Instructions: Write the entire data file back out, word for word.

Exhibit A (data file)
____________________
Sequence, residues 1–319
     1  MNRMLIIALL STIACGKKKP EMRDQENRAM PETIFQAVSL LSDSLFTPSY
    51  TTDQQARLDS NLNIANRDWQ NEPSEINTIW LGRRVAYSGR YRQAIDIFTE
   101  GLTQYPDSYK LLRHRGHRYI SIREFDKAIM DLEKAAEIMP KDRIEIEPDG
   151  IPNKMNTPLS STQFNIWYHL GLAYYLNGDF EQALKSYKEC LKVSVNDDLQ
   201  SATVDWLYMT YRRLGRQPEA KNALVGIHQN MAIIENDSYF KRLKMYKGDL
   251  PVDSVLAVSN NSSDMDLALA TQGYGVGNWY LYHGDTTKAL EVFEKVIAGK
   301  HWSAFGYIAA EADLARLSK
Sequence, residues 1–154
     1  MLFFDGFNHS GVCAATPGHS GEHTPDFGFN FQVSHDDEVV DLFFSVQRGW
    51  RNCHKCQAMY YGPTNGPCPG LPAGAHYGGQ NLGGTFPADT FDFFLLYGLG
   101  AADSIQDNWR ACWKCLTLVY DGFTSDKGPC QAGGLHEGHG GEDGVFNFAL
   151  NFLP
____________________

Sequence, residues 1–319
     1  MNRMLIIALL STIACGKKKP EMRDQENRAM PETIFQAVSL LSDSLFTPSY
    51  TTDQQARLDS NLNIANRDWQ NEPSEINTIW LGRRVAYSGR YRQAIDIFTE
   101  GLTQYPDSYK LLRHRGHRYI SIREFDKAIM DLEKAAEIMP KDRIEIEPDG
   151  IPNKMNTPLS STQFNIWYHL GLAYYLNGDF EQALKSYKEC LKVSVNDDLQ
   201  SATVDWLYMT YRRLGRQPEA KNALVGIHQN MAIIENDSYF KRLKMYKGDL
   251  PVDSVLAVSN NSSDMDLALA TQGYGVGNWY LYHGDTTKAL EVFEKVIAGK
   301  HWSAFGYIAA EADLARLSK
Sequence, residues 1–154
     1  MLFFDGFNHS GVCAATPGHS GEHTPDFGFN FQVSHDDEVV DLFFSVQRGW
    51  RNCHKCQAMY YGPTNGPCPG LPAGAHYGGQ NLGGTFPADT FDFFLLYGLG
   101  AADSIQDNWR ACWKCLTLVY DGFTSDKGPC QAGGLHEGHG GEDGVFNFAL
   151  NFLP